Each month, Cannabis World Congress & Business Exposition (CWCBExpo) offers a convenient roundup on the biggest cannabis news stories and hemp headlines emerging across the nation. Get these updates in your inbox by subscribing to our email newsletter, or follow us on Instagram, LinkedIn, Facebook, or Twitter to get the most recent edition when it’s published.
For any legal cannabis business in the U.S., staying on top of nationwide trends is essential to remaining competitive and compliant. As advocates, lawmakers, and entrepreneurs continue to push for a federally legalcannabis market, changes often come quickly and without much warning.
To help you stay on top of the latest developments, our monthly federal news update is here to keep you in the loop on news and changes affecting the national market. March’s update covers a range of important political and cultural developments, from cannabis in sports to new research into the plant’s therapeutic potential.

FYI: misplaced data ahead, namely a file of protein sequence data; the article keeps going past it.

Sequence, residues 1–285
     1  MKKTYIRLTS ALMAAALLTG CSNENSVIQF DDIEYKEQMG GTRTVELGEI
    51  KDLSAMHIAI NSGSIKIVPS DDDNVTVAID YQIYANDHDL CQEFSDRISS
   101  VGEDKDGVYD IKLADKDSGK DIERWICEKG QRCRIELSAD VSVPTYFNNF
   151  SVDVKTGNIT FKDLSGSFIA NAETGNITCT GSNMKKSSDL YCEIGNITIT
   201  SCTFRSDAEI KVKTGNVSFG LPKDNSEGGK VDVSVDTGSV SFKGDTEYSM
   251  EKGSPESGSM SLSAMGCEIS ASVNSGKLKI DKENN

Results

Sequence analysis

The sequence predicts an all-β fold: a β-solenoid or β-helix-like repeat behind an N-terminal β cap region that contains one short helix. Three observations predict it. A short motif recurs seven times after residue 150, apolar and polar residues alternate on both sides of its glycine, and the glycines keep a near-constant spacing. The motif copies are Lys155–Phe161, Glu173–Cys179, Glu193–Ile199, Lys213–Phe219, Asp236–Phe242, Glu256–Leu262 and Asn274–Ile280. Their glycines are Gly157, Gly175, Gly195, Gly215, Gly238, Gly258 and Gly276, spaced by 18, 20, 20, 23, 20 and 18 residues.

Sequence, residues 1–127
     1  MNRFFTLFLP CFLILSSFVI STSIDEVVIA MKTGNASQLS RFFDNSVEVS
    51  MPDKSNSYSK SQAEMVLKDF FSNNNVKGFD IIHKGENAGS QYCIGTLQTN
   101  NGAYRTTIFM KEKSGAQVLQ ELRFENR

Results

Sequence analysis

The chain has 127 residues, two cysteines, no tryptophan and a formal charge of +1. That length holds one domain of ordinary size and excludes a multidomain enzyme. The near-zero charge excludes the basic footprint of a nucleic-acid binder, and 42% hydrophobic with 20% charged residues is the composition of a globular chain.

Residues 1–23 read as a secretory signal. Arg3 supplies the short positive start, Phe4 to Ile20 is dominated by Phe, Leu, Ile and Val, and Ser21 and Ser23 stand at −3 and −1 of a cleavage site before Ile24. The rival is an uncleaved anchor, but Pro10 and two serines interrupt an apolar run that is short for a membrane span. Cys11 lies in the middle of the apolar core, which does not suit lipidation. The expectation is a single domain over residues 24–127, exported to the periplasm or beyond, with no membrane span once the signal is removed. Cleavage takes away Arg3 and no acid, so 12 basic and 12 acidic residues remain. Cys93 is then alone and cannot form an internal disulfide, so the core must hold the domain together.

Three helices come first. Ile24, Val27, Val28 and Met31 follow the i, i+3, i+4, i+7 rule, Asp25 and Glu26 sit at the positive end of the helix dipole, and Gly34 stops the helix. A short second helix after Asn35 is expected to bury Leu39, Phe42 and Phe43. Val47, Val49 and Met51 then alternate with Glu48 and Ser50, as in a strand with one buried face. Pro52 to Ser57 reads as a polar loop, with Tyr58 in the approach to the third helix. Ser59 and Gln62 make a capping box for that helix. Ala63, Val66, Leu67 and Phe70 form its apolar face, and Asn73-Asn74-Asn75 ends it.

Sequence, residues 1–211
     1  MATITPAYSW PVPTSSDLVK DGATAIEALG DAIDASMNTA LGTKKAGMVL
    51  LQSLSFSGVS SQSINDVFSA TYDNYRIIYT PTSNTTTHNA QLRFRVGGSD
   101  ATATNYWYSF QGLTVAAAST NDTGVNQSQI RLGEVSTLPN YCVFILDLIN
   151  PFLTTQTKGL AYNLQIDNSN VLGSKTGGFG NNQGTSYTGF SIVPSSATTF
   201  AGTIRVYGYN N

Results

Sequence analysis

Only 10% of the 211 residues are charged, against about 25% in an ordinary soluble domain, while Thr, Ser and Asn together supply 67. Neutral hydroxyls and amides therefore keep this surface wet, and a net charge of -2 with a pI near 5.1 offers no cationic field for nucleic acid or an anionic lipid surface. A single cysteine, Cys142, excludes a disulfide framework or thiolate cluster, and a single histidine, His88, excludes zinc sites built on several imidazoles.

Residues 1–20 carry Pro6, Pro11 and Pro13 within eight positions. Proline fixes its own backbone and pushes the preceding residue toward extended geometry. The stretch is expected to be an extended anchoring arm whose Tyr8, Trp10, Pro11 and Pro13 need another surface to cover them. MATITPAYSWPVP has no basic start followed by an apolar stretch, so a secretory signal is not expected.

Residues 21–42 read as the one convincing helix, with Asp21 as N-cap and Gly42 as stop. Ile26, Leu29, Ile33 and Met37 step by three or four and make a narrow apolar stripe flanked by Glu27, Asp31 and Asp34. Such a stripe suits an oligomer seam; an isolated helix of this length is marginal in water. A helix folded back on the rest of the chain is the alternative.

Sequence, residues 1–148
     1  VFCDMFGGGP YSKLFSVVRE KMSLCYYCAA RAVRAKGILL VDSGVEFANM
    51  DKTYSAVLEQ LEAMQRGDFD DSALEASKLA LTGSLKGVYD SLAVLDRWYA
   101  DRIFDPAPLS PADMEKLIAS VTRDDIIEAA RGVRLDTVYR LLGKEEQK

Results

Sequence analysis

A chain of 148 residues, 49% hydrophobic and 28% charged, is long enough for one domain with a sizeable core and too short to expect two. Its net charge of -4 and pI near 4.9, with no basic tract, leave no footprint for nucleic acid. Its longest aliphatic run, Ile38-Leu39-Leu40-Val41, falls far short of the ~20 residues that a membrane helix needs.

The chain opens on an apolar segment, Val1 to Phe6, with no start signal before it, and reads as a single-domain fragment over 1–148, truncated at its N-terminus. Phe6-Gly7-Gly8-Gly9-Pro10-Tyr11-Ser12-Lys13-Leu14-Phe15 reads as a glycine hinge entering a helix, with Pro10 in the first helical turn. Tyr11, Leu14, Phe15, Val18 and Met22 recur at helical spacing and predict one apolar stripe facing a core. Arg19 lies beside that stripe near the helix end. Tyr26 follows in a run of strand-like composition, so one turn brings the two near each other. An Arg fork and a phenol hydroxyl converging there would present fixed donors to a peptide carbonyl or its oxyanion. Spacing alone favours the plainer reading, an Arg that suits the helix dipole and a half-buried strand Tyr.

NCAA eases restrictions for drug tests
According to recent reports, the National Collegiate Athletic Association (NCAA) has relaxed its drug testing regulations and reduced the THC threshold for college athletes. The change was announced on Friday, Feb. 25, and took effect immediately. Previously, the threshold level for a positive drug test was 35 nanograms of detected THC. One positive test for cannabis would result in an athlete’s suspension from 50% of the regular season of their sport, and a second positive test would result in an athlete sitting out for “the equivalent of one season.”
Under the new rules, the THC threshold has been raised to 150 nanograms. This threshold matches that of the World Anti-Doping Agency. College athletes who test positive for cannabis also would not be stripped of their ability to compete. Instead, the student-athlete would be required to complete a management and education program specific to their needs.